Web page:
Future directions for localizing the SDGs in the short and medium term are represented on five axes, which include raising community awareness, localizing sustainable development, development partnerships, monitoring progress, and making evidence-based policy and institutional support.
The axes of sustainable development are human empowerment, a competitive knowledge economy, environmental resilience through commitment and prevention, and peace. These form the cornerstones of sustainable development through effective financing, local development and follow-up and evaluation.
Oman has adopted a coordinated package of social, economic and financial policies to achieve inclusive development based on a competitive and innovative economy. This is being worked on towards the Oman Vision 2040 and its implementation plans, through a set of programs and initiatives that seek to localize the development plan towards achieving the SDGs by 2030 and beyond.
IPS: What role do women play in your legislative framework, and do they play a role in ensuring, for example, SRHR rights?
SKIN: The Sultanate has taken many positive steps to sponsor women. The Sultanate’s policy to accelerate gender equality stems from the Sultan’s directives and his initiatives to appoint women to high positions, to feminize the titles of the positions when women fill them, and to give them political, economic and social rights.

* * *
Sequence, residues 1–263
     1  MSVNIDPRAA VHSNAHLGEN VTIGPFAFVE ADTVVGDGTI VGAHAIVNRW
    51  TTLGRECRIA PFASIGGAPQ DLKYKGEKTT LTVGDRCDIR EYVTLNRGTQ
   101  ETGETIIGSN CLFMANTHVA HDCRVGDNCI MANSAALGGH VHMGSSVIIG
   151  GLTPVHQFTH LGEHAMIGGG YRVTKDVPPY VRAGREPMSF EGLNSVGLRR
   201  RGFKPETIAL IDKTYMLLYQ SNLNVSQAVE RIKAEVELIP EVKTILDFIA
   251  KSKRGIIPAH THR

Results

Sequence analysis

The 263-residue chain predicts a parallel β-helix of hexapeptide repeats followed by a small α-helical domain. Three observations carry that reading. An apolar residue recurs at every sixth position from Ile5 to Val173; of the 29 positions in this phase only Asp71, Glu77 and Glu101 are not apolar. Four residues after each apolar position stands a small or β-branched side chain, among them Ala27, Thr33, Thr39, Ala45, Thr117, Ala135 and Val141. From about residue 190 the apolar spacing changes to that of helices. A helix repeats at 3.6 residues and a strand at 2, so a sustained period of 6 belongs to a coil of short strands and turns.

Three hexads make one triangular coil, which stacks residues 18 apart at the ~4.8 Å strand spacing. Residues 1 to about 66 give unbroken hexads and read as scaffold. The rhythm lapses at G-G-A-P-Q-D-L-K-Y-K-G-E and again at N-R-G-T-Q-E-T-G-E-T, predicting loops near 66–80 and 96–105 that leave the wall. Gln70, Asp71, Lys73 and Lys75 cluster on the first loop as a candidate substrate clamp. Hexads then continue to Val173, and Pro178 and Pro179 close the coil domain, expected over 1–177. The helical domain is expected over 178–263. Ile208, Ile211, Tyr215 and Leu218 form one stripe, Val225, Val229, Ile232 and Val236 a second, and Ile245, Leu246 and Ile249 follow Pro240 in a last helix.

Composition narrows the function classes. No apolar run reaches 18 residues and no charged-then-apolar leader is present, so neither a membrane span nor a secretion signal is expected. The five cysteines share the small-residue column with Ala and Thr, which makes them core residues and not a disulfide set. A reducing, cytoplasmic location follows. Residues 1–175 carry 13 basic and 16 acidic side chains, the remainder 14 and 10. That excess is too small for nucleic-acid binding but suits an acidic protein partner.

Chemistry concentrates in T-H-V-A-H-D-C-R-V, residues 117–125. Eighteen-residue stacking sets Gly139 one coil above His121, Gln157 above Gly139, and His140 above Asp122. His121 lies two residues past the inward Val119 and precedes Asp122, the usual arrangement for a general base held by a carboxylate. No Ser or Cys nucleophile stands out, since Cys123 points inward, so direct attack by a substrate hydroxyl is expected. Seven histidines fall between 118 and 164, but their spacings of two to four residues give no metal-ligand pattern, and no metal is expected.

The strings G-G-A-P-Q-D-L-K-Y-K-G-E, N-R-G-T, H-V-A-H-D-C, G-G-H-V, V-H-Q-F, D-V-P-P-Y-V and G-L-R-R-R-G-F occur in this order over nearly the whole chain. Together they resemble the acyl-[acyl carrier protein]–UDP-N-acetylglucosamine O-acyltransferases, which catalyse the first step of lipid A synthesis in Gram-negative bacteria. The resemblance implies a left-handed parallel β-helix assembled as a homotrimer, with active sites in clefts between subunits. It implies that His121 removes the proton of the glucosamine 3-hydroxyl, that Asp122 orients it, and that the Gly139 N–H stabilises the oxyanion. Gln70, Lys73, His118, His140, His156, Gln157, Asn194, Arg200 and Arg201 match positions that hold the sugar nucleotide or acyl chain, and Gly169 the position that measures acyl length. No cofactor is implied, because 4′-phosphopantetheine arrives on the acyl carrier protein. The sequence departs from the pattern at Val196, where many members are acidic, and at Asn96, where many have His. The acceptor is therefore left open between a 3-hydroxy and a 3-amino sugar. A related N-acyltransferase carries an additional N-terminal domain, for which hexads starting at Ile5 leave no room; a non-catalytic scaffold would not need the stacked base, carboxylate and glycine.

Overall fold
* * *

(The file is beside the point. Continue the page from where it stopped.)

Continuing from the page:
Women receive support in
- Social field: through comprehensive social insurance and social security systems.
- Political field: through the appointment of women ministers, undersecretaries and ambassadors and in the prosecutorial field.
- Economic field: through labor and company law.
- The cultural area: through the system of education and grants.
There are many programs aimed at or dedicated to women. The government has begun to circulate and implement a program to support maternal and child care services at the national level to reduce morbidity and mortality by providing health care for women during pregnancy, childbirth and postpartum and encouraging childbirth under medical supervision.
IPS: What is Oman’s performance in achieving SDG target 3.7 (sexual and reproductive health by 2030, ensuring universal access to sexual and reproductive health care, including family planning, information and education, and integrating reproductive health into national strategies)?
SKIN: In this regard, a sexual and reproductive health campaign was launched in the Sultanate due to its positive impact on public health and society. This campaign affirms that reproductive health services are an integral part of primary care and health security in the country and that it has long-term repercussions on health and social and economic health. Family planning is one of the most important of these services because, if not organized, it constitutes a social bomb that can hit anyone, citizen or official. Therefore, we must take proactive preventive measures.